Case Study: Bloomington Public Schools - Drupal 8
From chaotic and disjointed to streamlined and cohesive
Bloomington Public Schools (BPS) has been a client since 2011. We migrated them from SchoolFusion back then and helped them design, architect and develop The Hub, a parent and student portal in 2013. Not only have we been keeping their district and accompanying school websites updated and secure, we’ve been adding features to The Hub. In 2019, they decided it was time to re-architect their district and school sites to be user focused and consolidated under one domain. So we helped them with their strategy, redesigned the site and migrated to Drupal 8.
“We already had a good working relationship with TEN7. They know our organization, they know our systems,” said Andrea George, BPS Communication Specialist. “When that’s the case, you get a different level of collaboration and outcome, versus when you just start to work together. We didn’t know how big of a benefit that would be.”
The redesign was going to be a big job, as the sites had issues on many fronts:
- Content: Things had gone a bit “wild west.” There were 3,000 content items on the site (!), and a large chunk of them were expired news content or dead pages created for one-off purposes.
- Usability: User feedback (parents and staff) overwhelmingly said that it was too hard to find information they needed. The navigation wasn’t intuitive, was different on each school site and was located in different places on school pages, and in general the page designs just weren’t user friendly.
- Search: The search didn’t work well, and was bringing up really old content.
- Design: The sites were over seven years old—a lifetime in internet years—and the design was starting to show its age. Each of the 15 schools lived on its own subdomain, had its own visual identity and there was no visual design relationship between schools, or between the schools and district pages.
Our assignment: cull content and design a user-focused district-wide site
When you redesign legacy sites, the best place to start is with content strategy and a content audit. “Since we were truly starting from scratch, and we were not going to automatically migrate content over, we were committed to looking at EVERYTHING,” said Andrea.
Lynn Winter, our Content Strategist, went through two content purge rounds. The first identified content that should absolutely be removed, like outdated content, and “dead” pages no one was visiting. The second round identified content that could be combined or removed, but that needed BPS review. When it was all over, Lynn and BPS had pared 3000 content items down to about 1000.
To avoid the same content chaos on the new site, BPS wanted to be more intentional about allowing content on the site. Webmasters from each school would be gatekeepers for content, and there would be an approval process for any potential new site content. To assist with this, Lynn ran a workshop with the BPS marketing department to teach them how to rigorously evaluate content, both to determine what should be recreated on the redesigned site, and to help them determine criteria for adding content to the website in the future.
On the infrastructure side, we rebuilt the sites on Drupal 8, got rid of the subdomains they were using and unified the district site and all the school sites under a single domain. We set up the Drupal Group module to provide relationships between the content on the site and group entities. The module also manages permissions and roles for each school, which would help in the future content approval process. We implemented SOLR for search on the back end, with rules to make search results only show current school year content and prioritize recent content. We also added a keyword field to each page, so it could show in results even if a desired keyword isn’t part of the organic page content.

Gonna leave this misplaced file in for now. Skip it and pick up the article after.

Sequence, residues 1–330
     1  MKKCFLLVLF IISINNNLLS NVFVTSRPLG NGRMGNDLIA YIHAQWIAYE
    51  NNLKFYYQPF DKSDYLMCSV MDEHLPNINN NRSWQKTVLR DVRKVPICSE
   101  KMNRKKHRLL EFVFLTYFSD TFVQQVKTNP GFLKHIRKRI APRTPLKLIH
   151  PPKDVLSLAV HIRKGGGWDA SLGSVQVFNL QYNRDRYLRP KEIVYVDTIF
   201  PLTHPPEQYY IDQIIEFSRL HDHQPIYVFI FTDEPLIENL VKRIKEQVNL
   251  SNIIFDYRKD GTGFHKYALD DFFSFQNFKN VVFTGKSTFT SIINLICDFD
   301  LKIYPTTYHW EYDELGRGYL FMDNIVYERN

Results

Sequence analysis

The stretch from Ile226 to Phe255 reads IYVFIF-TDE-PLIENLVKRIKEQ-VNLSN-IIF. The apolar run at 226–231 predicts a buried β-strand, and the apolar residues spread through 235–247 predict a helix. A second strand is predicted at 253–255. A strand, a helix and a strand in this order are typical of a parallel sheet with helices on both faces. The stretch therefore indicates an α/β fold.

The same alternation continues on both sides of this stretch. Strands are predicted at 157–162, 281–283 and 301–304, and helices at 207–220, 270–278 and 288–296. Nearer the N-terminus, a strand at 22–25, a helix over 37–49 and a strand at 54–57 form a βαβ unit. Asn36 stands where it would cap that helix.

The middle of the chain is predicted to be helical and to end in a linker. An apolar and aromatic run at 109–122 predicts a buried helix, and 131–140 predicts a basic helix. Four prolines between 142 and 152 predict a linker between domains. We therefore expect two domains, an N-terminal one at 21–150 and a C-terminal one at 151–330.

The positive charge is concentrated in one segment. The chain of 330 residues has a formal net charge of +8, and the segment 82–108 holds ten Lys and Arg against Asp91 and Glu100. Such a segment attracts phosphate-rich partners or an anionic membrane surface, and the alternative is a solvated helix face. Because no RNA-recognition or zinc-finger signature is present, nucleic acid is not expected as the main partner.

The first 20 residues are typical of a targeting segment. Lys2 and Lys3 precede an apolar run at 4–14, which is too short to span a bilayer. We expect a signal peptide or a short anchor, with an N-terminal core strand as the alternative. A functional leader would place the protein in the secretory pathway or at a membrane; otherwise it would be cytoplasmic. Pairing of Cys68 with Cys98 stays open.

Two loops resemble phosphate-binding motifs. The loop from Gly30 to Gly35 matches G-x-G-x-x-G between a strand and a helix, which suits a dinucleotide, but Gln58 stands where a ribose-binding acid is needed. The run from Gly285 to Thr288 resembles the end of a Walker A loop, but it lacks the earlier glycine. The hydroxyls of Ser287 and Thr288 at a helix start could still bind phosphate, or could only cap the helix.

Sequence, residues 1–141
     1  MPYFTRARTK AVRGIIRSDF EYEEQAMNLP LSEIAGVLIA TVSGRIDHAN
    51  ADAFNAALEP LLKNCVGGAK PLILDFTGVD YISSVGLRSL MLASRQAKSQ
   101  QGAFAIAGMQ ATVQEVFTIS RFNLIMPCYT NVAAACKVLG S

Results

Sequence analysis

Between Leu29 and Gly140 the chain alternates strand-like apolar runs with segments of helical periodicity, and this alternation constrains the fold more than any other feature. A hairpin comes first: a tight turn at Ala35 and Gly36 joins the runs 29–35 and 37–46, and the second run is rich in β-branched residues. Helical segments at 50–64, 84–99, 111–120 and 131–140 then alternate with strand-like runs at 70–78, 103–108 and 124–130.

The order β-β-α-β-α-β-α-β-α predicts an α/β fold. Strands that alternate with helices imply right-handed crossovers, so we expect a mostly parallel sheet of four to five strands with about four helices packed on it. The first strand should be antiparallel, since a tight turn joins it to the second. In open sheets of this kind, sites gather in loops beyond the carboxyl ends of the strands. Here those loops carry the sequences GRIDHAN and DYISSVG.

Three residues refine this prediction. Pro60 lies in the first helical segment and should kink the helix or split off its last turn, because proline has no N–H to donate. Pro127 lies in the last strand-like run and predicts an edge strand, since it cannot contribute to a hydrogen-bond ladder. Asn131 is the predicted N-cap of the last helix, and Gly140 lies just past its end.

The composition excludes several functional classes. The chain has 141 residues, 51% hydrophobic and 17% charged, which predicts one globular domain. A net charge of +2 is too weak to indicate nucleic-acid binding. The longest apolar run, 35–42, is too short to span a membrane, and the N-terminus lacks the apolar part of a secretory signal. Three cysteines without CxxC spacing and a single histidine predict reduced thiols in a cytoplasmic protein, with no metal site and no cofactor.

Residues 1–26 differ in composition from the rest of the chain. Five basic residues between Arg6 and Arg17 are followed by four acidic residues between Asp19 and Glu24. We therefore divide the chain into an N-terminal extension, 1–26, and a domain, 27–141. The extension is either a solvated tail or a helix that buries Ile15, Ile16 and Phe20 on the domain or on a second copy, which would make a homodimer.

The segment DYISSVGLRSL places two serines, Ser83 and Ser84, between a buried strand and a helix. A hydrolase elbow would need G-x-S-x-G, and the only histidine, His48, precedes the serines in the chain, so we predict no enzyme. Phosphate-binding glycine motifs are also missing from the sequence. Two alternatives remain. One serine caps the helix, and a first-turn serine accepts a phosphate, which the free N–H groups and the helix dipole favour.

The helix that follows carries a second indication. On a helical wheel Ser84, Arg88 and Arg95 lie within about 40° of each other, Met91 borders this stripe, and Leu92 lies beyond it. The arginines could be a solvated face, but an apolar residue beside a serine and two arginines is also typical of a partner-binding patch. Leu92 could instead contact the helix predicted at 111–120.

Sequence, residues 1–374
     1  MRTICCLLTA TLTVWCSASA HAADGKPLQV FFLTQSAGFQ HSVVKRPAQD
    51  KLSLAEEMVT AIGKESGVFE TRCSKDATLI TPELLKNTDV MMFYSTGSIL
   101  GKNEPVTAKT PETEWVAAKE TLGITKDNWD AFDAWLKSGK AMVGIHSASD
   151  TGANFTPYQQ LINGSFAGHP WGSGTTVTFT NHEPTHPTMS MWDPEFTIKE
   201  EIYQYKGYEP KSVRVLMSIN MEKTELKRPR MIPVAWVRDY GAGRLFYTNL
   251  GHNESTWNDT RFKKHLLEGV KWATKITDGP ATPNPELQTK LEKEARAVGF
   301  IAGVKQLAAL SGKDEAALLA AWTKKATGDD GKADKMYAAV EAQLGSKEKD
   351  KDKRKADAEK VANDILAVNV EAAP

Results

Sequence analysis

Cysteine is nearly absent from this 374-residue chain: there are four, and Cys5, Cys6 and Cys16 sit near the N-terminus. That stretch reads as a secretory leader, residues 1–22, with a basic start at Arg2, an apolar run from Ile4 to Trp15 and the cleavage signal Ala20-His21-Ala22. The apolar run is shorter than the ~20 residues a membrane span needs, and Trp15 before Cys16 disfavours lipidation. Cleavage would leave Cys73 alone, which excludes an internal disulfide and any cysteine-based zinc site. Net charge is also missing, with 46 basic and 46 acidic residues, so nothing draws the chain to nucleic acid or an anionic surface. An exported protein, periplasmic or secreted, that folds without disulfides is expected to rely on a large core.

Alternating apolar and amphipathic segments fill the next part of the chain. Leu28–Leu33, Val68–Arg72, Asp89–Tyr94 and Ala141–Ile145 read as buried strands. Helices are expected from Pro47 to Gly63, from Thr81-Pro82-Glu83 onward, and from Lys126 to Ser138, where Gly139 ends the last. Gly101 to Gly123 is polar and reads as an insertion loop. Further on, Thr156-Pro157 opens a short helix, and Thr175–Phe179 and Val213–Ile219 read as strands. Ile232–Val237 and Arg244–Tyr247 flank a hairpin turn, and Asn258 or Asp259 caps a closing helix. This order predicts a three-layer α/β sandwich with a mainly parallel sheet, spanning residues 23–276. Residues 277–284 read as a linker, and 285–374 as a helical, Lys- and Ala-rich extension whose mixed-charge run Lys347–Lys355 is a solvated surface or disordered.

With the content and infrastructure nailed down, the design challenge was: how do we create one design to accommodate the branding distinction of individual schools? We decided the district brand should be the strongest, and we kept a tight shared design aesthetic between the district and school branding. To keep brand impressions consistent between schools, all the schools have a consistent design, with differences occurring in their unique logo, and a distinctive color palette, chosen from the BPS “super style guide” that we created. If a new school is added down the road, they can again choose from the approved palettes. We also made sure that the design was responsive and looked good at multiple screen widths.
The district branding/navigation is omnipresent with a mega menu at the top of any site page. School site navigation is found in a consistently located left sidebar, and navigation options there are related to each school.
A few months before launch, we trained the school webmasters in using Drupal 8’s component-based pages and were there to answer any questions they had on using the new site. Our designer also attended the training to get feedback on whether the content was working as intended with design—and then tweaked the design where it wasn’t.
Outcome: a streamlined, fresh and cohesive site
BPS launched the redesigned district site in mid-January 2020, and they’ve already received great feedback from staff and other stakeholders. “We were worried about how schools would react, but it’s been really positive,” said Andrea. Kate Martin, District Marketing and Communications Manager, added, “They like the use of color. It’s brighter, fresher, and feels more modern. Everyone is just really excited. From a design and style standpoint, the site has achieved all our goals.”